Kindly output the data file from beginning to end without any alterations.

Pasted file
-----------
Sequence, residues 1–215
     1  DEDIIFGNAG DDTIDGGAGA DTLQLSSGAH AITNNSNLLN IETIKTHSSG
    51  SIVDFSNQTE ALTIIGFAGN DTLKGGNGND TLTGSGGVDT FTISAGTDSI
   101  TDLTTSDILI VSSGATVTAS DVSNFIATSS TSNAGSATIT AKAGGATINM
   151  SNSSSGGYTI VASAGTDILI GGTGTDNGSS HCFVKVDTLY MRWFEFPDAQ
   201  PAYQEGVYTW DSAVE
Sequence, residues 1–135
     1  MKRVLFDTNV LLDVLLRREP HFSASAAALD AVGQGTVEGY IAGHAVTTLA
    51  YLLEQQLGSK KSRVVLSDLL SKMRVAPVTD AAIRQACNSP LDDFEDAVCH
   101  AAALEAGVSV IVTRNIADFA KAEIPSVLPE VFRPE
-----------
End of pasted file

Sequence, residues 1–215
     1  DEDIIFGNAG DDTIDGGAGA DTLQLSSGAH AITNNSNLLN IETIKTHSSG
    51  SIVDFSNQTE ALTIIGFAGN DTLKGGNGND TLTGSGGVDT FTISAGTDSI
   101  TDLTTSDILI VSSGATVTAS DVSNFIATSS TSNAGSATIT AKAGGATINM
   151  SNSSSGGYTI VASAGTDILI GGTGTDNGSS HCFVKVDTLY MRWFEFPDAQ
   201  PAYQEGVYTW DSAVE
Sequence, residues 1–135
     1  MKRVLFDTNV LLDVLLRREP HFSASAAALD AVGQGTVEGY IAGHAVTTLA
    51  YLLEQQLGSK KSRVVLSDLL SKMRVAPVTD AAIRQACNSP LDDFEDAVCH
   101  AAALEAGVSV IVTRNIADFA KAEIPSVLPE VFRPE